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Bang Bang You’re Dead: Stephen Pytak

August 28, 2009

spytak

Corinn is Stephen Pytak’s brainchild – literally, Corinn was born out of Pytak’s brain. Cool right? Not as cool as the plot Pytak has Corinn wrapped up in – and what is just as cool is who drew Corinn for the sequel: Norm Breyfogle. This man is the comic artist who ‘Pow! – Whamed!’ (this would be much more effective on the TV) his way through Batman in the 90s! Working together with Breyfogle, Pytak’s .40 Caliber Mousehunt is full of revenge, cold blooded murder and of gorgeous but lethal women who weild guns and kill for money…

I read on your website, .40 Caliber Mouse, that you are ‘fascinated with the dark side of the human soul’ – what is it that draws you to it?

Great question. A lot of things. For starters, I’m really intrigued by characters who are weighed down by internal struggles (dealing with something negative in their past, loss, anger and bitterness, a need for vengeance, and so forth). I think all of us have some closet inside ourselves that we know about but don’t open too often. It’s interesting territory to mine for story ideas, if you’ve got the key and are not faint of heart.

What is .40 Caliber Mouse about – what gave you the idea?

In the late ’90s, I noticed people were doing a lot of shopping online. Then I read an article or two about people who contracting mercenaries using e-mail and so forth. That’s when it kind of hit me. What if there was this outlaw organization that did that sort of thing? How would that work? The idea fascinated me. My wife and I came up with a few different character types (”Corinn” being the best in my opinion). We knew it needed a memorable name. We figured since the computer “mouse” was something everybody had, that had to be incorporated into it. I researched guns. I wanted the main character to use something hip and powerful. The .40 caliber Beretta looked attractive. I incorporated that into it too. In short: the first novel is about a mysterious character named Reeves who hires a white-collar Internet terrorist, Corinn, to build a Web site that can’t be easily shut down. She does. Then, he does something rather insane and suicidal. He uses it to advertise his services. He’s a mercenary with a rather personal agenda. Then the body count begins to rise and the authorities close in…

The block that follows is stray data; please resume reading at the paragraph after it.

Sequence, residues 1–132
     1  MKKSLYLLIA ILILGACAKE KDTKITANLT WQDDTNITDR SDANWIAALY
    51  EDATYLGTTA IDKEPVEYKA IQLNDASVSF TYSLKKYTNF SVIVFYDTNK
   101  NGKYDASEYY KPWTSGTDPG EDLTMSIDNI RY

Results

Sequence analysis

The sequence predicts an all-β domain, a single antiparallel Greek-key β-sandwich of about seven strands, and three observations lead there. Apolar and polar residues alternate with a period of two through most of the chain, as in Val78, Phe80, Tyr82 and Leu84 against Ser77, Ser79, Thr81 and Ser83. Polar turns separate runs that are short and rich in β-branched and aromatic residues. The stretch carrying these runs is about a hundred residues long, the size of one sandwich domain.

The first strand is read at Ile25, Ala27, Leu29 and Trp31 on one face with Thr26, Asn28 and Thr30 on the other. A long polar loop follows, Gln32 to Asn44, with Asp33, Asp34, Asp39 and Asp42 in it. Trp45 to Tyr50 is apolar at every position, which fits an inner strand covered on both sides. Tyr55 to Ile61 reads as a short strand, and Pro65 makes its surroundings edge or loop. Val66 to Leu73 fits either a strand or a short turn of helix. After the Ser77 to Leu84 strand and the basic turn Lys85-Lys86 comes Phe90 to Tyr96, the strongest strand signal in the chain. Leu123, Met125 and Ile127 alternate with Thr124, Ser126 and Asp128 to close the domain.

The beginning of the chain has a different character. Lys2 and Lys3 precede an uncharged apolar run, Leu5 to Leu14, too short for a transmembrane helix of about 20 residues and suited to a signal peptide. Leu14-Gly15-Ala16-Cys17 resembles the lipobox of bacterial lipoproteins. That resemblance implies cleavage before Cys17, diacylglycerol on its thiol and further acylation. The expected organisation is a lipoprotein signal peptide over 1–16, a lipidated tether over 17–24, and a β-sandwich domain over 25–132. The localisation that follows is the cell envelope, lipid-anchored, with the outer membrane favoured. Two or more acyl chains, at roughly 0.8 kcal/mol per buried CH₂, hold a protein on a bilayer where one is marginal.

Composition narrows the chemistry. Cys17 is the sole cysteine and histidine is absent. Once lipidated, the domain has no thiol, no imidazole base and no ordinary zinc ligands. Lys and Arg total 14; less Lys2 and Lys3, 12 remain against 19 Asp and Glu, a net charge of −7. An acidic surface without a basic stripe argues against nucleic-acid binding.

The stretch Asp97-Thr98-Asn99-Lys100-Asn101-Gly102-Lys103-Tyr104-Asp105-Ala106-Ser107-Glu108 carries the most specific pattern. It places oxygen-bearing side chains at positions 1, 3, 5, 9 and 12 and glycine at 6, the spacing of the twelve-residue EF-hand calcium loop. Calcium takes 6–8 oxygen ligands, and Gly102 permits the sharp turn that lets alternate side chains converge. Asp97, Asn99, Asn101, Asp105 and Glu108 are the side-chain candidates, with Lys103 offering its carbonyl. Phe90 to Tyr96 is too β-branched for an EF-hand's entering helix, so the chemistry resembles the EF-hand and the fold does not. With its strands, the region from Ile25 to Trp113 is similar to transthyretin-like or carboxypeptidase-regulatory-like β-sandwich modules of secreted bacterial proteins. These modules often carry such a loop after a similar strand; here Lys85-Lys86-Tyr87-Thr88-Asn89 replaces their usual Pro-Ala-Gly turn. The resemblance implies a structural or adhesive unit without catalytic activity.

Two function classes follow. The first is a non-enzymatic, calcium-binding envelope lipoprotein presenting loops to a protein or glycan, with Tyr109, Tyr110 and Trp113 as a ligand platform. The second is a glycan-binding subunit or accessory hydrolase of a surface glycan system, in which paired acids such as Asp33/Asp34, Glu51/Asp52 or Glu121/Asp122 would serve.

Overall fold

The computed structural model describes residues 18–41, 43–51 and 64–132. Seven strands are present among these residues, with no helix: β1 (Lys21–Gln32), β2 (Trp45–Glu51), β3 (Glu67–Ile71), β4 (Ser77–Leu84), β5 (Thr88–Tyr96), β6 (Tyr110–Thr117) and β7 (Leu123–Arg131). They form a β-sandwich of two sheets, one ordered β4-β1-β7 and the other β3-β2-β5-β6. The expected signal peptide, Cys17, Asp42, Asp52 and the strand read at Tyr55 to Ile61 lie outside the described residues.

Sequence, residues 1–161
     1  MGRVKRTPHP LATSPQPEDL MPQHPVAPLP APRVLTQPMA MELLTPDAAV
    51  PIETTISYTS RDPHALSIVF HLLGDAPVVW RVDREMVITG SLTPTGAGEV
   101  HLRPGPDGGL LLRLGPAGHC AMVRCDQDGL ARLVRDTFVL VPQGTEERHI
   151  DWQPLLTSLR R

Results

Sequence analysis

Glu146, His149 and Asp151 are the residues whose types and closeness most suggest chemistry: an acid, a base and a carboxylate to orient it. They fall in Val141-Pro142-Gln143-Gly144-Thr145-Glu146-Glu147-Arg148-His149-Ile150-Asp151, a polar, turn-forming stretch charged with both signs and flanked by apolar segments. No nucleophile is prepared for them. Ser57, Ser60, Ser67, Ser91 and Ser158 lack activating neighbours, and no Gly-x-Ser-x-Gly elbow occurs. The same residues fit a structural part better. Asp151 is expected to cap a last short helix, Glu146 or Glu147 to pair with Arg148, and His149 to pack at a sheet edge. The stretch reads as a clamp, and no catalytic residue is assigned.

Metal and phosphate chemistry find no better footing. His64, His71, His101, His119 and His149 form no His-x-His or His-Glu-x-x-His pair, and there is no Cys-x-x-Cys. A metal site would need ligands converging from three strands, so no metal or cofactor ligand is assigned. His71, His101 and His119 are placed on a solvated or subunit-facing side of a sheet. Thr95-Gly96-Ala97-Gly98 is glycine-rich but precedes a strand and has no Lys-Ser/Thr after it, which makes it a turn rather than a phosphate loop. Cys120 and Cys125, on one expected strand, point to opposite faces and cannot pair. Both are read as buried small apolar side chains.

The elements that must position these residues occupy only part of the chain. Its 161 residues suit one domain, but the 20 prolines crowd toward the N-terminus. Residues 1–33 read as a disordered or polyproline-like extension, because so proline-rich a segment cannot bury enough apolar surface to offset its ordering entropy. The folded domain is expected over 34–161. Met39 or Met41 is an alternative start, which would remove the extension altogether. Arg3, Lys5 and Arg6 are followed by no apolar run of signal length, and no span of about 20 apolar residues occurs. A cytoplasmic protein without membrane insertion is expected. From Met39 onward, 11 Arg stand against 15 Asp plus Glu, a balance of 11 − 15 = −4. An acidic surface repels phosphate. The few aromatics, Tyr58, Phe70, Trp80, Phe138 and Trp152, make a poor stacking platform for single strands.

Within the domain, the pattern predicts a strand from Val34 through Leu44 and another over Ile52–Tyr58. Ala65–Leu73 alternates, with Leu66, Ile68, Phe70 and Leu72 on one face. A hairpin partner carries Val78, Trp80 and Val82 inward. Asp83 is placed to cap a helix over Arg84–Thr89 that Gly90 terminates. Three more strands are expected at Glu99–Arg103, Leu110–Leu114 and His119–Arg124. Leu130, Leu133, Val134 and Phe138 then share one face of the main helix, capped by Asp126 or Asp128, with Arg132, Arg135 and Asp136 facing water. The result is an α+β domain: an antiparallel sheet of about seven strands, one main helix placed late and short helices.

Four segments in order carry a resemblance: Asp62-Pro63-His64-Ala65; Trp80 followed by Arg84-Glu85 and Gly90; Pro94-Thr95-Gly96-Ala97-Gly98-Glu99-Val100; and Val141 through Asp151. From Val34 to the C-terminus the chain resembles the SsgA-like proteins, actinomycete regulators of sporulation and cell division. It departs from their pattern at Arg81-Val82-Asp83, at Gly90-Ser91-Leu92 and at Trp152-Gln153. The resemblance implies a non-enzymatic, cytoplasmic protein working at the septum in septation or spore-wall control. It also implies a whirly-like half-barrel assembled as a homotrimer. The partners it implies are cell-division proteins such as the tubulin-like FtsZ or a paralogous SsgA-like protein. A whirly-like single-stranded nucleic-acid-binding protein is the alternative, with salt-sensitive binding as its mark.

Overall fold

How does the novel speak to today’s generation?

There’s tons of stress and anger in the world today. And people are always looking for easy solutions to difficult problems. So it’s fun to read about (especially if you’ve got it out for someone). It’s fun to fantasise about someone solving your problems with a couple of rounds. At least I think so. But The .40 Caliber Mouse can also teach us something about ourselves, our dark sides, crossing the line and the consequences of our actions. Also, my anti-heroes aren’t bullet-proof. They’re not perfect. They’re troubled. They’re angry. They’re like us, just in more trouble. I hope fans of thrillers will enjoy reading about my characters and perhaps even see a bit of themselves in them. I know I have Corinn’s temper, but not her trigger finger. I’m hope no one else does either, considering what fate has in store for her.

Your characters are, as you say, trigger happy and want to solve their problems with a gun – In Britain, America and most recently Germany, teenagers are now wielding guns like candy and shooting people without suffering the consequences (as they kill themselves or gang culture enables their protection and the silence of witnesses). Can your plot line sit comfortably with the reality of gun culture in the world?